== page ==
Afterwards, the RNLI posted a video on YouTube. (The quality of this is very poor, as it was shot under difficult conditions on a RIB. Most of the first half consists of a blue light flashing on the back of two white helmets. Later, some heavy things are dragged from the water, though you cant see what they are. There is no explanation or commentary, and no titles.)
The RNLI main site has a press release simply recording the fact that the exercise took place, and saying: “It was a really useful exercise for all concerned and, although the Maritime and Coastguard Agency have yet to hold a full debrief, we will be looking carefully to see what, if any, lessons can be learned.” As of 3 October, the MCA website has no reference to it. (I will keep an eye on this to see if any fuller report is ever published.)
The PLA has a press release saying it will take place, but no report that it did. I cant see any press releases on either the Metropolitan Police or the London Fire Brigade sites.
Before the exercise in 2006 the MCA offered media facilities. They dont seem to have done so this time; possibly there was little use made of them. In 2006 they offered MCA and Police helicopter videos to broadcasters. In 2010 these seem to have sneaked out via Youtube rather than been offered around.
1. once you announce something a number of people will pick it up on social media. However it is difficult to judge what value this adds, since they are often tweeting to unlikely audiences. Did the tourists or alternative Londoners who presumably follow Lonely Planet flock to see the exercise? The Tower RNLI Facbook site entries were liked by 2 people and had one comment, which was basically an operational one: ” Mayday mayday… Matt ,Be on the lookout for D/stno Steve marsh from london heliport Rescue Firefighting Service. He will be in Attendance this evening with his camera and note book “.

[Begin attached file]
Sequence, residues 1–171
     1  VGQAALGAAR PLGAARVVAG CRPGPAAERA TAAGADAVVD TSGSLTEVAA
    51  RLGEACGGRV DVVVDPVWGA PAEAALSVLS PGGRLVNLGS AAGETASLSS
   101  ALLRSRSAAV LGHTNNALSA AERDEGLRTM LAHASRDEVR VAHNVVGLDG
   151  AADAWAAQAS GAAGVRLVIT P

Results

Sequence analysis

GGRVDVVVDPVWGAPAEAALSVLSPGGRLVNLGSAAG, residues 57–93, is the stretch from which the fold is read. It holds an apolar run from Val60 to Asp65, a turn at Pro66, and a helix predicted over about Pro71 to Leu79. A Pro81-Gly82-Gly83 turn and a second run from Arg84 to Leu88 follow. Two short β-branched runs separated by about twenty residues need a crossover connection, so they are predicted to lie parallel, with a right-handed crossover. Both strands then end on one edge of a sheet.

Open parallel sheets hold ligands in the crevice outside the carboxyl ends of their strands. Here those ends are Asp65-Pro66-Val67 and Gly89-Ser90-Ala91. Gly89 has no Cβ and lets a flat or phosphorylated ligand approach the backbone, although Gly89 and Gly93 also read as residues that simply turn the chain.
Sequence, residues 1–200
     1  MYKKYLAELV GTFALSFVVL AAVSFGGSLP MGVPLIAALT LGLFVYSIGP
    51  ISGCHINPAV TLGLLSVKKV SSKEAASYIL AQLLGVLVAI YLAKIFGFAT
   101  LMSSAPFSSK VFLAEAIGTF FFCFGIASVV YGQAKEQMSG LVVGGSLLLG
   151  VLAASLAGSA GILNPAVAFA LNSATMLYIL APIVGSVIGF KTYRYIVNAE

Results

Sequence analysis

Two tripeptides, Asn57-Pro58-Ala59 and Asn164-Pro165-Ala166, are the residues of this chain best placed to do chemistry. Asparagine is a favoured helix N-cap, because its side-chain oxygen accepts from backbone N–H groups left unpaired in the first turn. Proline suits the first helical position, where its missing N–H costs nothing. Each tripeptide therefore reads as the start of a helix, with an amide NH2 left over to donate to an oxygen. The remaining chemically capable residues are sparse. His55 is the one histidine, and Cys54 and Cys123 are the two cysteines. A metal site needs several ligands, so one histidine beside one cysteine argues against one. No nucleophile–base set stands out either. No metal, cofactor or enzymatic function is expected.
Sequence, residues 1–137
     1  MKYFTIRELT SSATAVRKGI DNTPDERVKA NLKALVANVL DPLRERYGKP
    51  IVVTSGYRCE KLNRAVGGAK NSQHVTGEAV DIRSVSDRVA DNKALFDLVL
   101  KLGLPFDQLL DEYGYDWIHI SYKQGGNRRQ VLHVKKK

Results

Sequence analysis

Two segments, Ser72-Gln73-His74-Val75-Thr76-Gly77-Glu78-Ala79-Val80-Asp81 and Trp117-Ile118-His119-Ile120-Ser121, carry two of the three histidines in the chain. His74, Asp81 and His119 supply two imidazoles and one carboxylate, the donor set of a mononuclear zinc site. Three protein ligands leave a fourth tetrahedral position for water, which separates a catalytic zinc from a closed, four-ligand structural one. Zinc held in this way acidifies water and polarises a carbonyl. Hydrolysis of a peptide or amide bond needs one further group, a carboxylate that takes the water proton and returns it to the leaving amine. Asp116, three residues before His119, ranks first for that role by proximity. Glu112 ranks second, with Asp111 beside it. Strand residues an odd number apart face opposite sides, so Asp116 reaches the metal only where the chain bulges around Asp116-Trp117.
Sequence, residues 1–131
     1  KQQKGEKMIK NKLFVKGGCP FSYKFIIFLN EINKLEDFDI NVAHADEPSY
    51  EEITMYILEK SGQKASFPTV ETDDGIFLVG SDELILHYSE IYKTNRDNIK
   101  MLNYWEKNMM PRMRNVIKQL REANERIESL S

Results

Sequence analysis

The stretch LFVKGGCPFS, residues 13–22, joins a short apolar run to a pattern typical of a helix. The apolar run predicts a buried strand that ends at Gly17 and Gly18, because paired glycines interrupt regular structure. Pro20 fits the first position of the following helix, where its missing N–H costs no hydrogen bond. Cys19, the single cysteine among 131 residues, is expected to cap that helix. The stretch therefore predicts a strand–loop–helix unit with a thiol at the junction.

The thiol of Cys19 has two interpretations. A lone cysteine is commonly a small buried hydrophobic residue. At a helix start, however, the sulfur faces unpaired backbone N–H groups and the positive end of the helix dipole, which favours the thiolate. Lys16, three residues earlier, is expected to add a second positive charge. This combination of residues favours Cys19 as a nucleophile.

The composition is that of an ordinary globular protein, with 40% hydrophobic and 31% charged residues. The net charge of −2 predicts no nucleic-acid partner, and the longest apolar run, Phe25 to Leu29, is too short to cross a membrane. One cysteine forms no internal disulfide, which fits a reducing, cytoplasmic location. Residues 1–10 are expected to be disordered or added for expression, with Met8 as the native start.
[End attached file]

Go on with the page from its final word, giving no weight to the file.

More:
2. the mainstream media seem to have ignored it, perhaps because no facilities were offered, but perhaps becasue of exercise fatigue. No mentions at all on Google News, apart from the local sites I listed who simply carried press releases with little or no editing. There just arent the journos out there to generate original stories – its all about moving content around and re-branding it.
3. Scarcely any mention from people who saw it and wondered what was going on. (There are so many exercises and so much use of blue lights in London these days that nobody seems to notice any more.)
4. there are specialist media aggregators out there, who will pick up and carry stories if they fit their area of interest (usually local, or a subject area); but there are so many of these that you would have to be looking in order to see them. If you lived in Tower Hamlets or Southwark you might have seen the Twitter sites, but not if you lived somewhere else and happened to be passing through the area at the time. So if you wanted to find out about any exercises anywhere in London, for example, youd have to cover all the local area sites, and shipping, tube, railway, traffic, airport, etc, subject sites as well.
5. nobody seemed to care very much. Of course, if anything had gone wrong, the information infrastructure was probably out there, ready. The writer and/or photographer from Demotix, who took the trouble to turn up, would have had a scoop on his/their hands – not to mention a few people who popped up from nowhere with cameraphones.